And even this is not a fundamental analysis, since dollar sales without accounting for currency and unit sales are really meaningless. Dollar sales mean nothing if commodity costs of production are way down. Or is assumed that price remains constant under varying cost conditions? Pretty bad assumption if you ask me... a skimming analysis, not in-depth and valuable.

SillySalesmanQuestion's picture

Yup. Those Non Existent, Grossly Abandoned Accounting Practices sure do pretty up a disastrous balance sheet.

Bill of Rights's picture

Perpetual growth fake or otherwise. The funny thing is they feel this will continue forever lol.

Joe A's picture

Since GE is also one of the world biggest provider of military stuff the question is "what difference does it make?". How is that sector of GE doing? Badly? Then expect a new war somewhere.

Colonel Klink's picture

I avoid buying anything GE.  Fuck'em!

reader2010's picture

Dont worry. The Chinese will buy GE after they have finished buying up all available commerical RE.

Mr. Bones's picture

I can understand nonGAAP as an opportunity to explain why this quarter or that "wasn't really that bad" which could be entirely within ethical boundaries.

However, I don't see how an educated investor, armed with the GAAP portion of this report could conclude that this is a massive beat.  It demonstrates that a multi-sector hegemon is experiencing weakness in markets it should dominate.  If this was a trend across multiple sector participants or reporting periods it could indicate deeper, more dire problems.

tl;dr - what kind of Muppet that wants to keep their money behaves in this way?  Is this just greater fool seeking momo games?

Jethro Dull's picture

Maybe, see what I said above. They have some great opportunities around the corner. They just have to get there.

Are they going to bleed out before they turn that corner? They have some technologies out there that could help turn things around in America.

Problem is lack of demand may take them out before the technologies can be implented to give the country a boost.

Ying meet Yang.

To Hell In A Handbasket's picture

Lies, all lies. The three hundred thousand new cleaning jobs shows this downturn is specific to GE and nobody else. The economy is booming and perpetual growth in a limited world, is the minimum target in corporate world. PS: Don't mention Caterpillar. God bless the USSA! A country built on lies, delusion and make-believe. LETS MAKE AMERICA GREAT AGAIN!

reader2010's picture

at this point in time the only route that's left to "Make America Great Again" is the forced labor concentration camps for the big money. it's gonna happen one way or the other.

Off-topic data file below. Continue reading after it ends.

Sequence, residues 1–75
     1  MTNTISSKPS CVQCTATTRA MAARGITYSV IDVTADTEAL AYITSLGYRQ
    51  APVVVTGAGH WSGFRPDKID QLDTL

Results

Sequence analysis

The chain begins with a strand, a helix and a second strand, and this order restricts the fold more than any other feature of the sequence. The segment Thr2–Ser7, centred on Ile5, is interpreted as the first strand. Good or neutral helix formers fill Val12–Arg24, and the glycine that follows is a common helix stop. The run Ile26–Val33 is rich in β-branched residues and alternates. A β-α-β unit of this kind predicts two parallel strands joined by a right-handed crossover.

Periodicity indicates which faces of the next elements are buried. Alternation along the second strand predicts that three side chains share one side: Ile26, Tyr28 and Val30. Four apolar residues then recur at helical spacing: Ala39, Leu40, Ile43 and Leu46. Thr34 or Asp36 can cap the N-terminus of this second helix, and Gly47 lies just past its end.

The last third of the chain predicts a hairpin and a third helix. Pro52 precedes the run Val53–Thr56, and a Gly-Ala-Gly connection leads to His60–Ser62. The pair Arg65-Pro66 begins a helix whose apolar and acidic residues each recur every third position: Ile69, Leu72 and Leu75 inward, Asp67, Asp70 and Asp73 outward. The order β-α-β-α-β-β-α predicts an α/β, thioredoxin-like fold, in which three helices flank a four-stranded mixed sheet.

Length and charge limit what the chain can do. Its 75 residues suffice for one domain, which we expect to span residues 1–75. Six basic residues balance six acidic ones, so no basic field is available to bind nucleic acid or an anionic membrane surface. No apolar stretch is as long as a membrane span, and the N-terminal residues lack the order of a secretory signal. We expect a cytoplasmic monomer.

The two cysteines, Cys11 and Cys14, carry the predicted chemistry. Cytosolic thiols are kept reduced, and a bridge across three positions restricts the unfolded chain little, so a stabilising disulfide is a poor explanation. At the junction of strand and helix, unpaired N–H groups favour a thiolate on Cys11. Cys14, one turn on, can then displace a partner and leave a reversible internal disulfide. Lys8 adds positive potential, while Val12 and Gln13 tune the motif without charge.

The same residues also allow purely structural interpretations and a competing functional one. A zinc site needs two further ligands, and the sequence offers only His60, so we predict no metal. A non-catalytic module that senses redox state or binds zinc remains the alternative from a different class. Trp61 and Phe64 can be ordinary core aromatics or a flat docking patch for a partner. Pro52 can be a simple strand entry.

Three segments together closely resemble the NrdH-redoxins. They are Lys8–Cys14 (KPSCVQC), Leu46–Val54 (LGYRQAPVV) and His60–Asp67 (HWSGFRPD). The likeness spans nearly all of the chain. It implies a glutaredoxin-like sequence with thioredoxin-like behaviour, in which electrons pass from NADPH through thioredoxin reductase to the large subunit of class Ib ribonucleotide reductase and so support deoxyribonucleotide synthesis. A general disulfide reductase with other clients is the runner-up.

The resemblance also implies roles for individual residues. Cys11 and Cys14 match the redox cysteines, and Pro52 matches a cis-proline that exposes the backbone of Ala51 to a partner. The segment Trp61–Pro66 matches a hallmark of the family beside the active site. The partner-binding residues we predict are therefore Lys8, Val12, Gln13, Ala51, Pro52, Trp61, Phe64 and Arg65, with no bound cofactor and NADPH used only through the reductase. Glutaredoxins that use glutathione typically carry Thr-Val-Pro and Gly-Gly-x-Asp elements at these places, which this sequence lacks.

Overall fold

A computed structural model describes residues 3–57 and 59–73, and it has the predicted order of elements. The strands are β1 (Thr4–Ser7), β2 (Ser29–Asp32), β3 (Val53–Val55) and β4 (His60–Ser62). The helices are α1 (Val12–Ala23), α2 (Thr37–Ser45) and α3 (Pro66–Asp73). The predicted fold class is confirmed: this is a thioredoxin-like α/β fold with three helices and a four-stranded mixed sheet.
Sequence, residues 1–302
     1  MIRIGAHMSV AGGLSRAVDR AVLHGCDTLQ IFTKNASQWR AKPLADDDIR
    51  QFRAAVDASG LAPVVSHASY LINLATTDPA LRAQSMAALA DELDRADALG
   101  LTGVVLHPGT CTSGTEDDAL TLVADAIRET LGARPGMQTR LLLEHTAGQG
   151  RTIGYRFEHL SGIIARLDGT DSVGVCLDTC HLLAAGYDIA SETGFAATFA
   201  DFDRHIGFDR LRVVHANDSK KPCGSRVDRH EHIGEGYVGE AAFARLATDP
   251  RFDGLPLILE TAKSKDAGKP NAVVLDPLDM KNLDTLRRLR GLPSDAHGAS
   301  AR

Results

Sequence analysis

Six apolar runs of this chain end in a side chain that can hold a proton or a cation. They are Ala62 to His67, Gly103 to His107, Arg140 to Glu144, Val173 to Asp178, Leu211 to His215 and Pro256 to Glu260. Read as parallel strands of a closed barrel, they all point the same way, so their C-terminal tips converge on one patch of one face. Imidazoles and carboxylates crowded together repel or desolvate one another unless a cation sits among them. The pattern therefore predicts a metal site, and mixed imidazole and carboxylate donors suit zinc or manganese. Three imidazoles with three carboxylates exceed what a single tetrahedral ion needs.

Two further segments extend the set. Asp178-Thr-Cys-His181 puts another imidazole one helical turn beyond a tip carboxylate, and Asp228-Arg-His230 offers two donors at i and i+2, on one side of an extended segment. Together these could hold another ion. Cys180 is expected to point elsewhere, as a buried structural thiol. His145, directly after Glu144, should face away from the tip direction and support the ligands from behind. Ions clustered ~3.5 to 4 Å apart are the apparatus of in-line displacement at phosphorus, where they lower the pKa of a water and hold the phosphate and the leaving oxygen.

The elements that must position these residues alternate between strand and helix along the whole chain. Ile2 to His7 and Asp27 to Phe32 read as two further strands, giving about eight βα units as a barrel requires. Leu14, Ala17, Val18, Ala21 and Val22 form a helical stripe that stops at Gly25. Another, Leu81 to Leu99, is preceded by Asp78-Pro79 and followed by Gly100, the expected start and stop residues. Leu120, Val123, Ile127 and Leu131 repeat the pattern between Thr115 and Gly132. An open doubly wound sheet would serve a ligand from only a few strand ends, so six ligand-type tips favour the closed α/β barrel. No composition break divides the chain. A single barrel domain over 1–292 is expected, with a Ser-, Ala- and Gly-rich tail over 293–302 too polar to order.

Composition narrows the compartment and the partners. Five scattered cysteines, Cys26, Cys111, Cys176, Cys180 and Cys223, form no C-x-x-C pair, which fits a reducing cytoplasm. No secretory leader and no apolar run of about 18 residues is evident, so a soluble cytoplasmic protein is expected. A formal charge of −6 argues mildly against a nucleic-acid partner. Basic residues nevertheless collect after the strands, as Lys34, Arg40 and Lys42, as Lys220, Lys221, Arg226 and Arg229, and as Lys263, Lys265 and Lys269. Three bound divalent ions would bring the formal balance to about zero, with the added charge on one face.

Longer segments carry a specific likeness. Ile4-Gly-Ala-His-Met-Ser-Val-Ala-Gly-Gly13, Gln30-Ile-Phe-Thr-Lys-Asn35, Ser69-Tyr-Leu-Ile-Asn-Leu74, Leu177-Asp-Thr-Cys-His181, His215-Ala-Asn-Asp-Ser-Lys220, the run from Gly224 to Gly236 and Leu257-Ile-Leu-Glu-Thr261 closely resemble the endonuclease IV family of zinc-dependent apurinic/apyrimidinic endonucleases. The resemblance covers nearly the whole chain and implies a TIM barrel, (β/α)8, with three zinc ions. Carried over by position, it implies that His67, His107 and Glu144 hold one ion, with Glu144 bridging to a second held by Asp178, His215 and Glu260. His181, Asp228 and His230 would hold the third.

Professor Know Nothing's picture

As with everything else in this market, it doesn't matter until it does.

Cardinal Fang's picture

They just believe their own bullshit, concentrate on their core business because China is gonna buy all their shit.

Except they're not.

And you can't stop or turn a ship on a dime.

That bullshit probably sounded good on Mahogany Row 3 years ago.

Not so good now.

bigkahuna's picture

um, securities fraud?

Phillyguy's picture

Over the last decade, GE received over $27 billion of orders from the Pentagon (www.militaryindustrialcomplex.com/totals.asp?thisContractor=General%20Electric)

GE pays little if any federal or state income tax.

The Chief's picture

About GE- this is what one oilman in Texas once said to me:

"They fuck you when business is good, and fuck you even harder when business is bad."

Ajax_USB_Port_Repair_Service_'s picture

Send GE's accountants to Italy! Maybe they can find an easy fix for the NPL problems.

Manipulism's picture

Jimmy Dore spitted Alex in the face.

 

Jethro Dull's picture

Didn't they drop around a billion of their own dime on the next generation fighter engine? It's a game changer. Pratt will have one as well. But, they finished first didn't they? The F-35 will a have an engine that actually gives it "better" performance. It can be sized for other aircraft as well.

They will sell lots of CF-6 commercial aircraft engines derivatives for peaker and combined cycle natural gas plants. We are stuck putting in combined cycle and peakers plants to cover the shutdown of coal and nuclear already in the works, from, the greening of our nation by Obama.

And, they will sell lots of nuclear componets as we start to build  out nuclear again.

Problem is do the lights go out at GE, just like they will in America, before we turn the corner on this intentionally inflicted disaster on our nation?

 

Trogdor's picture

All they're sayin' is: ..."looking to the future, WWIII will be very good for the #1 military contractor on the planet." (.. c'mon WWIII!)